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Template:Infobox MexicanPresident

José de la Cruz Porfirio Díaz Mori (15 September 18302 July 1915) was President of Mexico, considered a dictator, who ruled Mexico from 1876 until 1911 (with the exception of one single four-year period).

Díaz was born in the city of Oaxaca, Oaxaca. He was a Mestizo, of Mixtec Indian and Spanish ancestry. An army officer with humble rural roots, he became something of a hero due to his participation in the war against the French, where he won several important victories. He led the cavalry in the celebrated Battle of Puebla of 5 May 1862.

In 1876 he overthrew the government of President Sebastián Lerdo de Tejada. Initially, he advanced a platform of reform, using the slogan "No Re-election" (for the President). After appointing himself President on 29 November 1876, he served one term and then dutifully stepped down in favour of Manuel González, one of his underlings. The four-year period that followed was marked by corruption and official incompetence, so that when Díaz stepped up in the next election he was a welcome replacement, and there was no remembrance of his "No Re-election" slogan. During this period underground political newspapers spread the new ironic slogan for the Porfirian times, based on the slogan "Sufragio Efectivo, No Reelección" (Real suffrage, no re-election) and changed it to "Sufragio Efectivo No, Reelección" (No real suffrage, Re-election). In fact, Díaz had the constitution amended twice – first to allow two terms in office, and then to remove all restrictions on re-elections.

He maintained power through manipulation of votes, but also through simple violence and assassination of his opponents, which consequently were few in number. He was a cunning politician and knew very well how to manipulate people to his advantage.

In 1899 he faced some small opposition from Bernardo Reyes, an official in his government, who decided to run for president after Díaz gave an interview in which he said he would allow the next election to be freely contested. In the end the attempt failed and Díaz forced Reyes into exile.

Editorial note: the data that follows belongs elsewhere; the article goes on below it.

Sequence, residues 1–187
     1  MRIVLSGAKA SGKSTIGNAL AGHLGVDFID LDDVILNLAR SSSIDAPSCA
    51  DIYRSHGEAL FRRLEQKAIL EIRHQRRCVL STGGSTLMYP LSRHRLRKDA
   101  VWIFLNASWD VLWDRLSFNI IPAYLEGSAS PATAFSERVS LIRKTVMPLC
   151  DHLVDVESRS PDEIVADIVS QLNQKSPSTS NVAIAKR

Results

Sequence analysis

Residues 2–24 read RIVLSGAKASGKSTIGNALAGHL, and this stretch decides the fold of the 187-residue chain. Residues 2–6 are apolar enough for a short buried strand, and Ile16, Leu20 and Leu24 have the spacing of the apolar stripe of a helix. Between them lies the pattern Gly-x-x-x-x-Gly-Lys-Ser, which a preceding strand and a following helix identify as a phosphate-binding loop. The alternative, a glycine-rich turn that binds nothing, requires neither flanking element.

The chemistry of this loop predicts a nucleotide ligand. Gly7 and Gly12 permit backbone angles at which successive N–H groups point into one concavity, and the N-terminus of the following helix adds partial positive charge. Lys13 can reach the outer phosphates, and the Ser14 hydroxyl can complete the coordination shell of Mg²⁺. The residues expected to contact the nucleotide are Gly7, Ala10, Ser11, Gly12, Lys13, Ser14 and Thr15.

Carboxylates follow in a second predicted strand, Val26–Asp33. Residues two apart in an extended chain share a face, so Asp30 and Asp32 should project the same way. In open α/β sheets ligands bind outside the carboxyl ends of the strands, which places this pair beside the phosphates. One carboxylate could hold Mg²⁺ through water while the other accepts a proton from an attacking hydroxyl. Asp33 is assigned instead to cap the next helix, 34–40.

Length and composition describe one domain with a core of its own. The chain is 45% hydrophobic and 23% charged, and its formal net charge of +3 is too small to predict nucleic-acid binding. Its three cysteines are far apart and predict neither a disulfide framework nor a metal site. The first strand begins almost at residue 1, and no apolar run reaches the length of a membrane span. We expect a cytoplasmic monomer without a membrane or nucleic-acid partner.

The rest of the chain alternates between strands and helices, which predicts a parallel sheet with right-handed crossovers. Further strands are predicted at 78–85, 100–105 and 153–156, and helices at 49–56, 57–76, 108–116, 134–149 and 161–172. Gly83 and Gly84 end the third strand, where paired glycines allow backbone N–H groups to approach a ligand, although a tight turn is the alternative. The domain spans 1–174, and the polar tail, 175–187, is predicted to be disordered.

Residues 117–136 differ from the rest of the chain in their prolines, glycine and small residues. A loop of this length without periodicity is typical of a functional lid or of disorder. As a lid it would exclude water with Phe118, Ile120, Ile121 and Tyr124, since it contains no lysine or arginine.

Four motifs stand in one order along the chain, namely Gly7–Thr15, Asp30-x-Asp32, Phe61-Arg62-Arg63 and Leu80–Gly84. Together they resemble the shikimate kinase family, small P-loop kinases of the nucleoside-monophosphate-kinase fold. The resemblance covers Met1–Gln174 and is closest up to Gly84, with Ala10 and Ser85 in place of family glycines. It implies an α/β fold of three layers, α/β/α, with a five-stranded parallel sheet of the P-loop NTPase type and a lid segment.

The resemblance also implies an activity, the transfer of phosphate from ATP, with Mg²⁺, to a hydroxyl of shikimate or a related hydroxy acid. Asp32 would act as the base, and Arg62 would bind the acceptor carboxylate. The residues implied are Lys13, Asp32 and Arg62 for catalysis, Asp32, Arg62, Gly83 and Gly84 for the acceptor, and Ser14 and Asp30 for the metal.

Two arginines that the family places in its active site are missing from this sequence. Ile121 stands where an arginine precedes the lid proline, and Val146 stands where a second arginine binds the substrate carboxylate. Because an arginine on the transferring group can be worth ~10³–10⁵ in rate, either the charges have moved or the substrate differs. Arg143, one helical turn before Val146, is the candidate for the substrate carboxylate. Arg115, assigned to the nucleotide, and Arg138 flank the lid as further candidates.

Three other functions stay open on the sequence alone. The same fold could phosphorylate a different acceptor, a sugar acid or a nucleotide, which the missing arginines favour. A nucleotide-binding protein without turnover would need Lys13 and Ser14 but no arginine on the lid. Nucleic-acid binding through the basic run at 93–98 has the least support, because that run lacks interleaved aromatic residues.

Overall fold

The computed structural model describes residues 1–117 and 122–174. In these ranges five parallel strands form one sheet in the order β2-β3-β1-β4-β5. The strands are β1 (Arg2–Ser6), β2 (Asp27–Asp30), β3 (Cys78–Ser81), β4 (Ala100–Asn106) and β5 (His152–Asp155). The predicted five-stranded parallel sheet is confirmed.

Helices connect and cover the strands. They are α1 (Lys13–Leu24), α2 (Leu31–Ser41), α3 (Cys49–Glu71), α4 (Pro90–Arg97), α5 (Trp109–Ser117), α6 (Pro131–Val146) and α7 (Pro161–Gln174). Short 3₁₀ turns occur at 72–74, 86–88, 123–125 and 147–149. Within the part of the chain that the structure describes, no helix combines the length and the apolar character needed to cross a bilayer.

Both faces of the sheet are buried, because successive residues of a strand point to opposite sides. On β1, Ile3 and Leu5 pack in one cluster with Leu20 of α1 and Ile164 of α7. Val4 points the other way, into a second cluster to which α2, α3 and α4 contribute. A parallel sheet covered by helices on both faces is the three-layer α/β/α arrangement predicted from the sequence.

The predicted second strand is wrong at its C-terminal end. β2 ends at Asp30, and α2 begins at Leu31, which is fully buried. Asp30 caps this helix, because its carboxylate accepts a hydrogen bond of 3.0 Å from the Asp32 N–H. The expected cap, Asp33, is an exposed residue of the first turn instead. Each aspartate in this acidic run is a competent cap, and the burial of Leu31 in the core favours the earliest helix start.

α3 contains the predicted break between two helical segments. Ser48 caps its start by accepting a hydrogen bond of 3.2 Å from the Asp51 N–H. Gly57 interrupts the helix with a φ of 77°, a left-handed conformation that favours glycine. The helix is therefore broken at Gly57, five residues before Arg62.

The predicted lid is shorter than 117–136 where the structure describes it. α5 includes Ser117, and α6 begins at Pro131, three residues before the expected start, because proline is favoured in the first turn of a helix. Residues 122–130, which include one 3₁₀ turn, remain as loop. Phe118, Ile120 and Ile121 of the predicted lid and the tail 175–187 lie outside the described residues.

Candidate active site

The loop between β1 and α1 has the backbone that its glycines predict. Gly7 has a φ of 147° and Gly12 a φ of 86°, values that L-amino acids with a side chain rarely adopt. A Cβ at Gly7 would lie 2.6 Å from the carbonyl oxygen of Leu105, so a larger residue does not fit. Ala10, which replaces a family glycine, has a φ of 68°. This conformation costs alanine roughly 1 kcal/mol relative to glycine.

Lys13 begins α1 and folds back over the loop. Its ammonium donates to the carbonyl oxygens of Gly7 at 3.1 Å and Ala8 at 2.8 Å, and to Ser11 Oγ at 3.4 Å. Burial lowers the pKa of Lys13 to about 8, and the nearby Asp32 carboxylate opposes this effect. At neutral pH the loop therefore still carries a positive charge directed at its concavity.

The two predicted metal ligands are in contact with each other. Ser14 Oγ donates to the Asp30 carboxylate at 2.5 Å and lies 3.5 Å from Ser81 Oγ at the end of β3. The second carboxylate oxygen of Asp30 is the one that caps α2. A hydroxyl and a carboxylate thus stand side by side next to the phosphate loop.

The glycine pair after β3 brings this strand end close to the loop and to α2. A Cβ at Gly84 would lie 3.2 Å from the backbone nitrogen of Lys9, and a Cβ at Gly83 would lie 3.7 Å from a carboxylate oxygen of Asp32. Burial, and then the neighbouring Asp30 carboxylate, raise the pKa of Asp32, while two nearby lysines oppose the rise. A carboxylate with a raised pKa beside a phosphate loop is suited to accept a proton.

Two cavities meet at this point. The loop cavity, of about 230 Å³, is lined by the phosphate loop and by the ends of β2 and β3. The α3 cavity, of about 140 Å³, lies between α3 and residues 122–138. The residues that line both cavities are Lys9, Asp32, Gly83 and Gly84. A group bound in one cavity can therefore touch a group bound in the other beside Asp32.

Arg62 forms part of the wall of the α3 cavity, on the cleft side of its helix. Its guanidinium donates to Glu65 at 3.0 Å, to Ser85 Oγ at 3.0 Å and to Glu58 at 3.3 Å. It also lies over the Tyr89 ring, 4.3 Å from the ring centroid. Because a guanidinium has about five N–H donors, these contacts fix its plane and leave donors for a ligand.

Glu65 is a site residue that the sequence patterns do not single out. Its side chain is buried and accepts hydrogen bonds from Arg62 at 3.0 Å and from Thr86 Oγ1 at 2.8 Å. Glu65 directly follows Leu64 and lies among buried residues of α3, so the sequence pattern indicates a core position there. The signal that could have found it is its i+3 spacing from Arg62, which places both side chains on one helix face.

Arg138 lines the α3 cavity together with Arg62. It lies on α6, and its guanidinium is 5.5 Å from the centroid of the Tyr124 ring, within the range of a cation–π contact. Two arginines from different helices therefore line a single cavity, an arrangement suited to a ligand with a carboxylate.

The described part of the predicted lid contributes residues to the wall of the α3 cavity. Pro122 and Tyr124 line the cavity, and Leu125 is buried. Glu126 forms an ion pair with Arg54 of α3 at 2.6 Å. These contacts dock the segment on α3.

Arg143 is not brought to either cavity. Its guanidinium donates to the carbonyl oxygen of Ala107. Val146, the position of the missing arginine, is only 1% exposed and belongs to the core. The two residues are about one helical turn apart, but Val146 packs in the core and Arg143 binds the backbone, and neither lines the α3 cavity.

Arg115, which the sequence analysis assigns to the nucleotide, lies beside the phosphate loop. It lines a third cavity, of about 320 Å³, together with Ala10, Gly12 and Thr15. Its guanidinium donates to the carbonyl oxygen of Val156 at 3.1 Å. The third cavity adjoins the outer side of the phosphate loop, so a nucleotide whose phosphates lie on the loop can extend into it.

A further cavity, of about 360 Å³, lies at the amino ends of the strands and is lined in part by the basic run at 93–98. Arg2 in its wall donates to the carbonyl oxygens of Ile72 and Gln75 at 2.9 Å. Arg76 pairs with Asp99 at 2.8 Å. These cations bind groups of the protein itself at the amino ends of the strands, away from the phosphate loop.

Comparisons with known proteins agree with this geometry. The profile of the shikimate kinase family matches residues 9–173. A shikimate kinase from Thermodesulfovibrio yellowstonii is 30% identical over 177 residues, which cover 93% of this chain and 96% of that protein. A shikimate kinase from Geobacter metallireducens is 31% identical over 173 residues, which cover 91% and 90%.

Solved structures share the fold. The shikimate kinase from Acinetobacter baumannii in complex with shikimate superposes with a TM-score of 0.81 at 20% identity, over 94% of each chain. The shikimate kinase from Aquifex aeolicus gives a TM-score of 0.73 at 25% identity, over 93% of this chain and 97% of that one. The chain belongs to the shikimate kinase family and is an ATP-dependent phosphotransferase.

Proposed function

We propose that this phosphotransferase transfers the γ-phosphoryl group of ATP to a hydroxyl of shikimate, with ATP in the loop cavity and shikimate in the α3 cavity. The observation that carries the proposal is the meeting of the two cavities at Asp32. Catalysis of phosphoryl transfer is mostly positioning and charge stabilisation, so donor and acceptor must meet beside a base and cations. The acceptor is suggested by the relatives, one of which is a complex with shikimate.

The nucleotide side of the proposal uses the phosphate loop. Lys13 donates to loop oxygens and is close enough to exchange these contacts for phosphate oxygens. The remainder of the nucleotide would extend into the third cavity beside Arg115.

Díaz embarked on a program of modernisation, attempting to bring Mexico up to the level of a modern state. His principal advisers were of a type called científicos, akin to modern economists, because they espoused a program of "scientific" modernisation. These included the building of railroad and telegraph lines across the country, including the first Mexican railway between Veracruz and Mexico City. Under his rule the amount of track in Mexico increased tenfold; many of these rails remain in operation today without remodelling. He introduced the idea of steam machines and technological appliances in industry and invited and welcomed foreign investment in Mexico. He also encouraged the construction of factories in Mexico City. This resulted in the rise of an urban proletariat and the influx of foreign (principally United States) capital.

The growing influence of U.S. businessmen, already a sore point in a Mexico that had lost much land to the United States, was a constant problem for Díaz. His modernisation program was also at odds with the owners of the large plantations haciendas) that had spread across much of Mexico. These rich plantation owners wanted to maintain their existing feudal system (peonage), and were reluctant to transform into the capitalist economy Díaz was pushing towards because it meant competing in a global market and contending with the monetary influence of businessmen from the United States.

Though he wished to modernise the country, Díaz by no means opposed the existence of the haciendas, and in fact supported them strongly throughout his rule. He appointed sympathetic governors and allowed the plantation owners to proceed with a slow campaign of encroachment onto collectively-owned village land, and enforced such theft through his well-equipped rural police (rurales).

In 1908, Díaz agreed to an interview with a U.S. journalist, Creelman. In this interview Díaz stated that Mexico was ready for democracy and elections and that he would step down and allow other candidates to compete for the presidency. Francisco I. Madero answered the call for candidates. Díaz, however, did not approve of Madero and had him gaoled on election day in 1910.

The election, however, went ahead. Madero had gathered much popular support, but when the official results were announced by the government, Díaz was proclaimed to have been reelected almost unanimously, with Madero gathering only a minuscule number of votes. This undisputable case of massive electoral fraud aroused widespread anger. Madero called for revolt against Díaz, and the Mexican Revolution began. Díaz was forced from office and fled the country for France in 1911.

In 1915, Díaz died in exile in Paris; he is buried there in the Cimetière du Montparnasse.

Quotation

Poor Mexico, so far from God, so close to the United States.

See also


Preceded by:
Sebastián Lerdo de Tejada
President of Mexico
1876–1880
Succeeded by:
Manuel González
Preceded by:
Manuel González
President of Mexico
1884–1911
Succeeded by:
Francisco León de la Barra

Template:End boxda:Porfirio Díaz de:Porfirio Díaz es:Porfirio Díaz eo:Porfirio DÍAZ fr:Porfirio Díaz it:Porfirio Díaz ms:Porfirio Diaz nl:Porfirio Díaz ja:ポルフィリオ・ディアス sl:Porfirio Díaz sv:Porfirio Díaz

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